Crews in Pennsylvania are still looking for two kids who were swept away by raging floodwaters over the weekend, when a strong storm pounded the area and killed the kids’ mother. After severe flooding hit parts of southeast Pennsylvania on Saturday evening, two siblings, Matilda “Mattie” Sheils, 2, and Conrad Sheils, 9 months, went missing.
Katie Seley, their mother, who was 32 years old, was discovered dead late on Saturday. Upper Makefield Fire Company Chief Tim Brewer said at a news conference on Tuesday that firefighters have searched the whole flood zone, which is about 1.5 miles long, more than a dozen times and are continuing to search above and below the water.
The search “will shift from a land based and creek based to a dive rescue operation, or a search and rescue operation,” Brewer added, if the children are not located by the end of the day. Brewer said the teams will still use canine units in the search, but that the number of canine units will “scale down” starting tomorrow.
The tweet below verifies the news:
Crews in Pennsylvania are still searching for two children who were swept away over the weekend by turbulent floodwaters that killed their mother as a violent storm slammed the region https://t.co/GFbCXdDRVT
— CNN (@CNN) July 19, 2023
“That will mean underwater assets mainly in the creek and we will work out from there,” Brewer said. A family member who is serving as a spokesperson thanked the people who helped in the search on Monday.
At a press conference in the afternoon, Scott Ellis, brother-in-law of Jim Sheils (Seley’s fiance), said, “Their compassion, kindness, and bravery have given us strength in this unspeakably difficult time.” Brewer claims that Seley was one of five people killed by the weekend’s storms in Bucks County.
The other victims were identified as Yuko Love, 64, of Newtown Township; Susan Barnhart, 53, of Titusville, New Jersey; and Enzo Depiero, 78, and Linda Depiero, 74, both of Newtown Township. The coroner has announced that all of the victims drowned. Love drowned and sustained multiple injuries before to his death.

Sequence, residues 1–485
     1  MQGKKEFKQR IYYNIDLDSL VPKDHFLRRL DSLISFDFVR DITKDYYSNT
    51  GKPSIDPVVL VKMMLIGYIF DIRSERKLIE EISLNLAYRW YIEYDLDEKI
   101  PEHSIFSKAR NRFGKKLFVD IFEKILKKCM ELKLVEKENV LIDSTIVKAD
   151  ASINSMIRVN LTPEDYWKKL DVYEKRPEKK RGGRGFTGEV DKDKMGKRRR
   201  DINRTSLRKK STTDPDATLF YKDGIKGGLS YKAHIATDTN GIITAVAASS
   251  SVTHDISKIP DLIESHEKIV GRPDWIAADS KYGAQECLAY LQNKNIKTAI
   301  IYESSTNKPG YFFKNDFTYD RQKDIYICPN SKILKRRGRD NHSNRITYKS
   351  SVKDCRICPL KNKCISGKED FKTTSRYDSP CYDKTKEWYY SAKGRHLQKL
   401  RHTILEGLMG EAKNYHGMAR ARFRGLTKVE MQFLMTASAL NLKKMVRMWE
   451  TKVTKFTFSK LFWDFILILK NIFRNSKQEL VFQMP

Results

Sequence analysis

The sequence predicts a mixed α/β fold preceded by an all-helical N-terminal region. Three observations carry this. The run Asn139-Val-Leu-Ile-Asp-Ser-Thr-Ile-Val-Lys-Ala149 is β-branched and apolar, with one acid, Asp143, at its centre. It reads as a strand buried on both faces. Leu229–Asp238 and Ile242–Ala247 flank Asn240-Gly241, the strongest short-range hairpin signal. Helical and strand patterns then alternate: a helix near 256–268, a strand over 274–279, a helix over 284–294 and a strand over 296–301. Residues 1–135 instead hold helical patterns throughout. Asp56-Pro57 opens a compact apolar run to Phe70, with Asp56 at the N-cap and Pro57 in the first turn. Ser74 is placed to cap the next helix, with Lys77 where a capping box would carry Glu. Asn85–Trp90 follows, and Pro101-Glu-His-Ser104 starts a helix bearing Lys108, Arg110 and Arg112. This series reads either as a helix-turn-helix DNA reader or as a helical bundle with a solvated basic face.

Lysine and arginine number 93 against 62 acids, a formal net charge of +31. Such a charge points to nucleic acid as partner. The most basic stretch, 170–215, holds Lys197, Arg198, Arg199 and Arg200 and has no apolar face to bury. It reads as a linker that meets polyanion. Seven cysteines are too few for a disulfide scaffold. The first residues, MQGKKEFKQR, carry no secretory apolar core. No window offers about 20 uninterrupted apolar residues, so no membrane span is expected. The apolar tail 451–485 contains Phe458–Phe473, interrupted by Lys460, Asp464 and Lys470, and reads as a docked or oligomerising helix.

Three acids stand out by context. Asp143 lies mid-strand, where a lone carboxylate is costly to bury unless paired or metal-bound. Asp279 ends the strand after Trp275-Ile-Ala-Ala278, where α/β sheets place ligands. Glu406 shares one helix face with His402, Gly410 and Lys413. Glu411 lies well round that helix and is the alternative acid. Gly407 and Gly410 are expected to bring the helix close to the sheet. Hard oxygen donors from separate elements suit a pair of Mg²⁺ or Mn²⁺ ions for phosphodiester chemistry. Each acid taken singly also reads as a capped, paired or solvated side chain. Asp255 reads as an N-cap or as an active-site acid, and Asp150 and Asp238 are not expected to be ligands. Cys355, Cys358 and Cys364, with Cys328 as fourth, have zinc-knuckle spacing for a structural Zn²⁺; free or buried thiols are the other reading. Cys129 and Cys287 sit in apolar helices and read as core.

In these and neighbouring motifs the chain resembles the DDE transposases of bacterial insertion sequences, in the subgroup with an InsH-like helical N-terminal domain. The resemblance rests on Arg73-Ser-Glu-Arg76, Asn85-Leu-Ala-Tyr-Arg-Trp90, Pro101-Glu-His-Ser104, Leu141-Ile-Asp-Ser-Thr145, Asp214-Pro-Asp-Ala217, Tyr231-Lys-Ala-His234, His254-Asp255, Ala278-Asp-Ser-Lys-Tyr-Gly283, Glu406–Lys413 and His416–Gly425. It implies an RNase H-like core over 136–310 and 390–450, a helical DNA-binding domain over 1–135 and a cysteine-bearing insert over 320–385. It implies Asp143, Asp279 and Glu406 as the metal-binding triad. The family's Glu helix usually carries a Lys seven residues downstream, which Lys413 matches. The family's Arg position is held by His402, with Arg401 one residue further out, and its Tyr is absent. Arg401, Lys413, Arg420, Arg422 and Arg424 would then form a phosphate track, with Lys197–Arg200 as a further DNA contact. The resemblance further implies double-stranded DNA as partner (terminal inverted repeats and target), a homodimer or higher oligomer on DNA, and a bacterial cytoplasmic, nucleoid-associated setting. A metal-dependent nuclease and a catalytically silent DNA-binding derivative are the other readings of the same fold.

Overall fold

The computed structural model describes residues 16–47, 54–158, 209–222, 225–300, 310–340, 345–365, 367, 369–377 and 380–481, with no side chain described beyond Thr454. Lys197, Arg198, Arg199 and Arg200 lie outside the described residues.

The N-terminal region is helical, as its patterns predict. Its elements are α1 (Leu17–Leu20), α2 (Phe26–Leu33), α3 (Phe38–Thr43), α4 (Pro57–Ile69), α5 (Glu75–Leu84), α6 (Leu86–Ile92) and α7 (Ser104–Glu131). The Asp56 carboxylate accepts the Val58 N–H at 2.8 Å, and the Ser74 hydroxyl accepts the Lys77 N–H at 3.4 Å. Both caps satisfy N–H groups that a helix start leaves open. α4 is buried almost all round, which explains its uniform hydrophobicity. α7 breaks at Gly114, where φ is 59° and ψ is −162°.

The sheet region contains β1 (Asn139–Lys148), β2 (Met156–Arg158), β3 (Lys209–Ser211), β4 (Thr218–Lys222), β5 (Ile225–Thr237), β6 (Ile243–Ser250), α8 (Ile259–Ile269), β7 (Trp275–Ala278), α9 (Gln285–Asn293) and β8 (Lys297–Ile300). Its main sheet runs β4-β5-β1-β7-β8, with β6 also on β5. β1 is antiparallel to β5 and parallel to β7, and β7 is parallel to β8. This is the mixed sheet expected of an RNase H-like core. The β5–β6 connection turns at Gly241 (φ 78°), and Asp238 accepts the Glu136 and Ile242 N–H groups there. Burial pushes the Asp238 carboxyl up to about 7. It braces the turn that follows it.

Parts of Vermont, New York, and western Massachusetts were hit by devastating floods last week as a result of 200% to 300% of their usual monthly rainfall in the preceding month.
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A Flash Flood ‘Captured’ the Victims
The National Weather Service reports that floods are one of the leading causes of death due to weather-related events in the United States. According to the weather service, most vehicles, including pickups and SUVs, can be swept away by water as shallow as 2 feet.
According to the National Weather Service, flash floods are more likely to occur within a short time period after rain and can occur whenever heavy rain falls quicker than the soil can absorb.
Brewer stressed during Monday’s news conference that the victims didn’t risk going where the water was already too high. “They were caught,” he declared. This was a sudden flood,” he said. The wave of water rushed toward them.
Flash water stranded the Sheils family from South Carolina on their way to a barbeque, Brewer said on Sunday. Mattie and Conrad were snatched up by their mom and grandma. The dad reached for the 4-year-old sibling.
According to the fire chief, the father and his 4-year-old son “miraculously” escaped harm. However, the female adults and children were carried away. Police say the grandmother of the children is alive and well after being hospitalized.
The articles and news coverage on CaliforniaExaminer.net are both informative and thought-provoking.